“Most NPOs cannot trace their sources of funding and this is what makes many prone to risks of being used as conduits for money laundering and terrorist financing”, said Chidinma Okpara, NNNGO AML/CFT Officer, while delivering a training on Anti-Money Laundering/Combatting the Finance of Terrorism (AML/CFT) Compliance for Non-Profits.

She recalled that the Nigerian Government has in recent times, expressed significant concerns about the rise of money laundering and terrorist financing, especially within the non-profit sector while noting that despite the large number of NPOs registered with the CAC, only, a significantly small number have registered with the Special Control Unit on Money Laundering (SCUML), in the past five years.

She maintained the need for heads of Nonprofits along with their staff, to undergo training on the amended Money Laundering Prohibition Act (MLPA) of 2011. Limitations on cash transactions and receipt as well as the process of conducting background checks on beneficiary or sponsors to ensure they are risk assessed of ML and TF before being on-board, especially on international payments relating to NPO programmes were part of points she highlighted during her training session.

“For accountability checks, every organization is required to have at the very least, a petty cash book, a cash book, a request form, and the reconciliation form”, noted Timothy Odion, Head of Finance, NNNGO. He concluded the two-day event by training participants on financial and organisational accountability while underlining the importance of daily record-keeping.

Experts Call on Government and Stakeholders to Improve Reproductive Healthcare across the Country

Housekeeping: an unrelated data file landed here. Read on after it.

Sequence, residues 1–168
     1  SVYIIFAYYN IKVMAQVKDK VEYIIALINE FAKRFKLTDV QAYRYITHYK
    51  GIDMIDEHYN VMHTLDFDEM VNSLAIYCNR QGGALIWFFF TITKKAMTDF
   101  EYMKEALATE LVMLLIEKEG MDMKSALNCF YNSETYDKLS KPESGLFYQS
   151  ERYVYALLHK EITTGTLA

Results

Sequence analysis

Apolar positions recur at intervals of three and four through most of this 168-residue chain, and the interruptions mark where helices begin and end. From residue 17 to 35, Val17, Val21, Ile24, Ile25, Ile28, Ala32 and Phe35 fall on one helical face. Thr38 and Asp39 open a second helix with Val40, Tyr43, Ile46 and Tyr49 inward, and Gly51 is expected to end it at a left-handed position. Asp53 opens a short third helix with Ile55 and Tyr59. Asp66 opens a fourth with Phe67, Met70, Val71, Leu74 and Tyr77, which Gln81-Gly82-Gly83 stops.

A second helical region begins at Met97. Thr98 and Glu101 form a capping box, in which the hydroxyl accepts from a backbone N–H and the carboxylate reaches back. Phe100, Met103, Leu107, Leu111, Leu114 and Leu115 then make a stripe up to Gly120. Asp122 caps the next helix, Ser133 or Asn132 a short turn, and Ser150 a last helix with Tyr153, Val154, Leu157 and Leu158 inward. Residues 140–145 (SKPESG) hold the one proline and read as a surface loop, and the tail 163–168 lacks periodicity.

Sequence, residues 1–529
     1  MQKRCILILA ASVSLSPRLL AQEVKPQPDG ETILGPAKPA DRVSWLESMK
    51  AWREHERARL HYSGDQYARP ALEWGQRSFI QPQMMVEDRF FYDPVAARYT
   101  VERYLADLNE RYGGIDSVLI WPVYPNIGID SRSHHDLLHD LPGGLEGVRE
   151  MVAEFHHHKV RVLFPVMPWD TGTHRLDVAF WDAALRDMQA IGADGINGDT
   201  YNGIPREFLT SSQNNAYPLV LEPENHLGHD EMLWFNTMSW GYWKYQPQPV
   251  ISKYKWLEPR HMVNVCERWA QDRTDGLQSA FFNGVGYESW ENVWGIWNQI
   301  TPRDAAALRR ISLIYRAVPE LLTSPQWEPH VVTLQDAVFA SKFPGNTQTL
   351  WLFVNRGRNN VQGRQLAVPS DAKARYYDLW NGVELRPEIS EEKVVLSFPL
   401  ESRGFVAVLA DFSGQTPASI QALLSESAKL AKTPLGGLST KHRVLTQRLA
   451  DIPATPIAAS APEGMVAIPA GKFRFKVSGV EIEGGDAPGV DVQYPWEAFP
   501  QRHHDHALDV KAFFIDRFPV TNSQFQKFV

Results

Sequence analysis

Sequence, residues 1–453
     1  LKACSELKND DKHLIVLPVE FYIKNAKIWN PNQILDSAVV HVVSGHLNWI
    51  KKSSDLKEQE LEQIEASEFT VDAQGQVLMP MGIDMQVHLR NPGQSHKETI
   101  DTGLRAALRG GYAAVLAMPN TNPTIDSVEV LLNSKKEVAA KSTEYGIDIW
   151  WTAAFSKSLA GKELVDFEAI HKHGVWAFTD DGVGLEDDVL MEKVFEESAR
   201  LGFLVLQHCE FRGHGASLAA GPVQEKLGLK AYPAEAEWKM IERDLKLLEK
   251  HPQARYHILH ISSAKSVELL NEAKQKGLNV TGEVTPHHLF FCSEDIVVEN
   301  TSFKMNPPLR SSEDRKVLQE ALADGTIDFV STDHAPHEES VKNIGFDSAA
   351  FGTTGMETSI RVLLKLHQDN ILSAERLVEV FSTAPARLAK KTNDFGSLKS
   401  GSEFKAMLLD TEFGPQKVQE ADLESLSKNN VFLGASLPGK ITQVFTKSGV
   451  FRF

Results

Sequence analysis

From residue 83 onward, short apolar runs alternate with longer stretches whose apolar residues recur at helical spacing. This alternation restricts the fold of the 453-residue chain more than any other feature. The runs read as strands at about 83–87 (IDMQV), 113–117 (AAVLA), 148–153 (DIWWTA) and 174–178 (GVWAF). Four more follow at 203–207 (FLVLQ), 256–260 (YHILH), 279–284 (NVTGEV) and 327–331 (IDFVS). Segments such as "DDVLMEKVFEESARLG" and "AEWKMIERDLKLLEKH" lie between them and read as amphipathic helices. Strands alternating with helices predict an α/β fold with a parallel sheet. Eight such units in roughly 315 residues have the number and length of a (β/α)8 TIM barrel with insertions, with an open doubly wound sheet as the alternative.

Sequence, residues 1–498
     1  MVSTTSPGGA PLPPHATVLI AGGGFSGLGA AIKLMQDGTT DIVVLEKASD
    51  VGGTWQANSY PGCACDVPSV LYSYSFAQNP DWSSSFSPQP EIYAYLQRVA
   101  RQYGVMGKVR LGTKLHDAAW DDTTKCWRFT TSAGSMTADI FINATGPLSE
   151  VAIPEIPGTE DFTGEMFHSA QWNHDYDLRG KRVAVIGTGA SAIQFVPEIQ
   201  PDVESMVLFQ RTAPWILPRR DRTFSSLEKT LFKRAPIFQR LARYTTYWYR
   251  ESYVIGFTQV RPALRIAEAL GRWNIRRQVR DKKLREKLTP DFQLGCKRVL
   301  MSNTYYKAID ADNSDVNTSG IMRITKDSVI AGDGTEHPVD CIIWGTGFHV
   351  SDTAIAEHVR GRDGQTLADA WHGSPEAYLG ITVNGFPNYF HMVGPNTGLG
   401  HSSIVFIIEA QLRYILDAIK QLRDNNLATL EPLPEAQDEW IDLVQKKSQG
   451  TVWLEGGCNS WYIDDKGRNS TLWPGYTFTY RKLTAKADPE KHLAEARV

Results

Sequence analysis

Experts Call on Government and Stakeholders to Improve Reproductive Healthcare across the Country

ABUJA, Nigeria October 12, 2018 –The need to improve service delivery, availability and access to Family Planning (FP), for the majority of women across Nigeria, has once again been reiterated by public sector officials, Academics and Civil Society representatives working in the area of reproductive health and family planning in Nigeria.

This was the consensus at a One-day Leadership Training for Family Planning Focal Persons organised on October 12, 2018, by the Development Research and Projects Center (dRPC), under the PACFAH@Scale program with the aim of strengthening the leadership skills and competencies of participants so that they could champion FP issues and needs within the state system.

Speaking at the event, Greg Izuwa, Deputy Director, Reproductive Division, Federal Ministry of Health noted that scores of Nigerian women of reproductive age clamour for access to FP services but the program’s capacity in the country is highly inadequate to meet their needs, therefore it is imperative for everyone concerned to work together with the government so that these challenges can be mitigated.